Mount Sinai Researchers Find Gene Therapy Improved Left Ventricular and Atrial Function in Congestive Heart Failure by up to 25 percent
Intracoronary Delivery of Gene Vector Was Safe and Improved Heart Function in a Large Animal Model
Heart function improved by up to 25 percent in a trial using gene therapy to reverse cardiac damage from congestive heart failure in a large animal model, Mount Sinai researchers report. This is the first study using a novel vector for gene therapy to improve heart function in non-ischemic heart failure.
The results of the study will be published online in the Journal of the American College of Cardiology on Monday, September 25, at 2 pm.
In heart failure, a weakened or damaged heart no longer pumps blood effectively. This potentially fatal disease affects almost 6 million Americans, according to the American Heart Association, and is a major cause of morbidity and mortality, especially in elderly patients. Despite this toll, there has been little progress toward any kind of cure. Novel therapeutic approaches, such as gene therapy and cell therapy, hold the promise of complementing or replacing existing therapies for congestive heart failure.
“Mount Sinai has performed pioneering work on gene therapy over the last decade, and this study shows that gene therapy is now a viable option for treating congestive heart failure,” said the study’s senior author, Roger Hajjar, MD, Director of the Cardiovascular Research Center and the Arthur and Janet C. Ross Professor of Medicine at the Icahn School of Medicine at Mount Sinai. “There is a critical need to explore new therapeutic avenues and approaches.”
This study featured two independent experiments. The first established the safety of administering a therapeutic gene delivery vector, BNP116, created from an inactivated virus over three months, into 48 pigs without heart failure through the coronary arteries via catheterization using echocardiography. The second experiment examined the efficacy of the treatment in 13 pigs with severe heart failure induced by mitral regurgitation. Six pigs received the gene and 7 received a saline solution.
The researchers determined that the gene therapy was safe and significantly reversed heart failure by 25 percent in the left ventricle and by 20 percent in the left atrium. Heart failure often results in enlarged hearts, and the team found a 10 percent reduction of heart size in the affected animals. Heart failure in the cohort of pigs treated with saline worsened.
The research team plans to study the same gene therapy in a human trial starting next year. The gene vector has been approved by the Food and Drug Administration for clinical treatment.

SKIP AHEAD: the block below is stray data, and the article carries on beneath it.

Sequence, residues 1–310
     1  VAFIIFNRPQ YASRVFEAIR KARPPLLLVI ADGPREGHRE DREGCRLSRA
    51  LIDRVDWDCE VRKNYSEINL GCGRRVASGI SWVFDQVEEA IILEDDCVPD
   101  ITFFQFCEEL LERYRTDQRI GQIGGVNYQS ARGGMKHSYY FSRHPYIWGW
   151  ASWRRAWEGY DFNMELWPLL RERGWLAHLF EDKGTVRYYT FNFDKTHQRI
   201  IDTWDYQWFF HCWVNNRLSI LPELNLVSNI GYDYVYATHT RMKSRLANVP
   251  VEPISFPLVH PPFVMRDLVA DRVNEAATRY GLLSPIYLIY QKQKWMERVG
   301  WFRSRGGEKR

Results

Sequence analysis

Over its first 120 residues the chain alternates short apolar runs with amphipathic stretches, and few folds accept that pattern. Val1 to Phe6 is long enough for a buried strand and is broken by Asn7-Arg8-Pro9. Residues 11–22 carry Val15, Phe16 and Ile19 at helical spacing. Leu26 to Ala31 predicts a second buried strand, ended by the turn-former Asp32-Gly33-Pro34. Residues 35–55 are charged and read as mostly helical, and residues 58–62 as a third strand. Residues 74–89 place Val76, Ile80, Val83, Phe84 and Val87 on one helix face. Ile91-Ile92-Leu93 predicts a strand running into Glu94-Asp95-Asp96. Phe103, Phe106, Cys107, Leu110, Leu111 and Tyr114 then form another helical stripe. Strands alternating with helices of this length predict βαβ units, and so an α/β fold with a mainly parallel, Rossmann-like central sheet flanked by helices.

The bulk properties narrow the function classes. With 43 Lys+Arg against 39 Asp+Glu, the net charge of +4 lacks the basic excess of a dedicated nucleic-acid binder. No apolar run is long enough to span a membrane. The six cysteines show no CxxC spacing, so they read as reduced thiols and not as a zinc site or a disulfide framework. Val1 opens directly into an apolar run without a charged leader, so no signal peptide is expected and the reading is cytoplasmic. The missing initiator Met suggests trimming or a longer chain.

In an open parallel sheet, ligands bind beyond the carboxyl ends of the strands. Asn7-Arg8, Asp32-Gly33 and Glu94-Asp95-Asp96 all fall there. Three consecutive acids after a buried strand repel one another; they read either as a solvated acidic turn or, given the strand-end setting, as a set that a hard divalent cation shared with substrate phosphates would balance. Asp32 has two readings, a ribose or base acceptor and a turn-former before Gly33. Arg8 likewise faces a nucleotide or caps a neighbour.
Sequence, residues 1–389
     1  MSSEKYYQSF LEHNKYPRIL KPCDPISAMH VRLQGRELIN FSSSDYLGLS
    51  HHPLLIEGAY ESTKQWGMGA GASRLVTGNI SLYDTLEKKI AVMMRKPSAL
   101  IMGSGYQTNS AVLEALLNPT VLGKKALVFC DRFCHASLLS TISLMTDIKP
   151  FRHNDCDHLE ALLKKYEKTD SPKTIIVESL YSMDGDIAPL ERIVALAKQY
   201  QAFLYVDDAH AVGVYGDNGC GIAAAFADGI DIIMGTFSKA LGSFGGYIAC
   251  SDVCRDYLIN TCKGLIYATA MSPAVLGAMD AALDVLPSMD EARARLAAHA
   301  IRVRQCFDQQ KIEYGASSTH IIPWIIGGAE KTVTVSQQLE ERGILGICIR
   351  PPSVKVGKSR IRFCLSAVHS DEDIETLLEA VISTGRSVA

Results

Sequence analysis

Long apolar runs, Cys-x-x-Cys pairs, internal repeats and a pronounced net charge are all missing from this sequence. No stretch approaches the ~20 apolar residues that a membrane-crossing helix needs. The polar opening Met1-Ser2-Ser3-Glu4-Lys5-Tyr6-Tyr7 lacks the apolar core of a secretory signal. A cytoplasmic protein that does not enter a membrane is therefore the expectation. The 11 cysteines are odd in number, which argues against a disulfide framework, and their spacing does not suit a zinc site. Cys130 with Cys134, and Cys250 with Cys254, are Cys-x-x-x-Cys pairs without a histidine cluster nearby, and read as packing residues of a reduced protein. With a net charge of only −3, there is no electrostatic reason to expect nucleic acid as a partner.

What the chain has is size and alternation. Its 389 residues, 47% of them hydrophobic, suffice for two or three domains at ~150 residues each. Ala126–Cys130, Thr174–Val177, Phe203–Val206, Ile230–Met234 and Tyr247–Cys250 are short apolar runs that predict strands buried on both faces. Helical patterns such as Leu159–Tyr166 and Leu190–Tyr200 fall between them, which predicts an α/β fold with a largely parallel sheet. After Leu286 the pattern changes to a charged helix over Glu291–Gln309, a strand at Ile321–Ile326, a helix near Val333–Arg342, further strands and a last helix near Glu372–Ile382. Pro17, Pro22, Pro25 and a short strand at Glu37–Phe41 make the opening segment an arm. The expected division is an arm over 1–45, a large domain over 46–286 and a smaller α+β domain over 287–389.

This study was supported by NIH P50 HL112324, R01 HL119046, R01 HL117505, R01HL128099, R01 HL129814, R01HL131404, & R43HL108581 (R. J. H.), HL26057, & HL64018 (E.G. K) and a Transatlantic Leducq Foundation grant. The Gene Therapy Resource Program (GTRP) of the National Heart, Lung, and Blood Institute, National Institutes of Health provided some of the gene vectors used in this study. K.I is supported by a grant from American Heart Association 17SDG33410873.
About the Mount Sinai Health System
The Mount Sinai Health System is an integrated health system committed to providing distinguished care, conducting transformative research, and advancing biomedical education. Structured around seven hospital campuses and a single medical school, the Health System has an extensive ambulatory network and a range of inpatient and outpatient services—from community-based facilities to tertiary and quaternary care.
The System includes approximately 7,100 primary and specialty care physicians; 12 joint-venture ambulatory surgery centers; more than 140 ambulatory practices throughout the five boroughs of New York City, Westchester, Long Island, and Florida; and 31 affiliated community health centers. Physicians are affiliated with the renowned Icahn School of Medicine at Mount Sinai, which is ranked among the highest in the nation in National Institutes of Health funding per investigator. The Mount Sinai Hospital is in the "Honor Roll" of best hospitals in America, ranked No. 15 nationally in the 2016-2017 "Best Hospitals" issue of U.S. News & World Report. The Mount Sinai Hospital is also ranked as one of the nation's top 20 hospitals in Geriatrics, Gastroenterology/GI Surgery, Cardiology/Heart Surgery, Diabetes/Endocrinology, Nephrology, Neurology/Neurosurgery, and Ear, Nose & Throat, and is in the top 50 in four other specialties. New York Eye and Ear Infirmary of Mount Sinai is ranked No. 10 nationally for Ophthalmology, while Mount Sinai Beth Israel, Mount Sinai St. Luke's, and Mount Sinai West are ranked regionally. Mount Sinai's Kravis Children's Hospital is ranked in seven out of ten pediatric specialties by U.S. News & World Report in "Best Children's Hospitals."